Obama: Europe debt crisis could affect US election
President Barack Obama acknowledged that Europe's debt crisis could affect his chances at re-election in November, but he warned that his administration can't control how quickly the Europeans fix their problems.
Obama, speaking at the close of the Group of 20 economic summit in Mexico, also expressed confidence Tuesday in Europe's ability to "break the fever" of its raging debt crisis as he sought to calm global financial markets and worries of voters at home.
The U.S. economy is in a tentative recovery, but a slump in hiring and other mixed signals have muddled Obama's re-election prospects as Republican rival Mitt Romney hammers at the issue in his campaign. Whatever happens in Europe is quickly felt overseas.
"All of these issues, economic issues, will potentially have some impact on the election," Obama said in a news conference that brought to a close his last foreign trip before the November election.
Asked about criticism of his economic proposals from an adviser to his Romney, Obama gave a prickly response.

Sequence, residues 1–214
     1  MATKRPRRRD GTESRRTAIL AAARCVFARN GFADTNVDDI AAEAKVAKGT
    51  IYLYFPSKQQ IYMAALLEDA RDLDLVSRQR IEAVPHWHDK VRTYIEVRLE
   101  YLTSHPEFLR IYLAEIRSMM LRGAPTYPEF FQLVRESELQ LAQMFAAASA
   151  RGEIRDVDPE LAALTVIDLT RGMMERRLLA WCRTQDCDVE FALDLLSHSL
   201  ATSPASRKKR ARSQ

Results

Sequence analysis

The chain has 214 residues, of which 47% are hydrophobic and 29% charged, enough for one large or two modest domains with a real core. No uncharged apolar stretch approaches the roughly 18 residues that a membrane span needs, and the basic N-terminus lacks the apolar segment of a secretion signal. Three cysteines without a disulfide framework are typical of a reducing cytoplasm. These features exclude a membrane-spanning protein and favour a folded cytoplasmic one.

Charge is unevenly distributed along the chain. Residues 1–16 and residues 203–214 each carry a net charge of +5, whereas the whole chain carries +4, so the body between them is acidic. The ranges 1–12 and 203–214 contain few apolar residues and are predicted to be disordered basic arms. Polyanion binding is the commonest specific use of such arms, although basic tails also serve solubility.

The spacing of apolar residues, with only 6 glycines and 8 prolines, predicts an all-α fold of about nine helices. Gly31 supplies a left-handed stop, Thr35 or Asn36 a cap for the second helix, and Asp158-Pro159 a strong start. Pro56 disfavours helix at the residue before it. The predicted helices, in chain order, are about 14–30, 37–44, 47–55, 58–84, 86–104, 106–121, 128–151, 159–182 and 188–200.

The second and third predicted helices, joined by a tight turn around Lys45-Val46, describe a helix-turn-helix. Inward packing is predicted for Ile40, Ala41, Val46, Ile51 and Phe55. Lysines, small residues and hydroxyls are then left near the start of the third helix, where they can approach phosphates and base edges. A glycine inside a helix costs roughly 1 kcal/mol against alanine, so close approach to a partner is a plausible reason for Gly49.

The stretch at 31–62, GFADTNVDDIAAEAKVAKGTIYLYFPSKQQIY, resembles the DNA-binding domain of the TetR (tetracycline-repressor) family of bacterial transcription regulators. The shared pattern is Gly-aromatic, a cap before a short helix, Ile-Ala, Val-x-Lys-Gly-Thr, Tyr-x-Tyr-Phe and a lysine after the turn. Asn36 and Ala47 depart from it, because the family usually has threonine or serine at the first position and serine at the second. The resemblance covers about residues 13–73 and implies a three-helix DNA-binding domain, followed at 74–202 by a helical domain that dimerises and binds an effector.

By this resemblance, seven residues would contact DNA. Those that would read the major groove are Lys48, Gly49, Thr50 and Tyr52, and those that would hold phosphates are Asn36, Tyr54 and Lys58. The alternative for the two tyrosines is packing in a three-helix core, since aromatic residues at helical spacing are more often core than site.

"We have one president at a time and one administration at a time," he said. "And I think traditionally the notion has been that America's political differences end at the water's edge."
Mindful of his audience of voters in the U.S., Obama said: "The best thing the United States can do is to create jobs and growth in the short term, even as we continue to put our fiscal house in order over the long term."
Obama held a lengthy private meeting with German Chancellor Angela Merkel, whose country plays a pivotal role in addressing the European crisis. Obama also held a joint meeting Tuesday with leaders from Britain, Germany, Italy, France, Spain and the European Union.
Despite the words of unity during the Mexico meetings, European leaders showed signs that they have heard enough about their troubles, particularly from Americans. Memories linger of the 2008 financial crash that was born in the United States and destroyed jobs and wealth.
"The eurozone has a serious problem, but it is certainly not the only imbalance in the world economy," Italian Prime Minster Mario Monti said Tuesday. He said the United States' own financial problems were mentioned in G-20 talks "by almost everybody, including President Obama."
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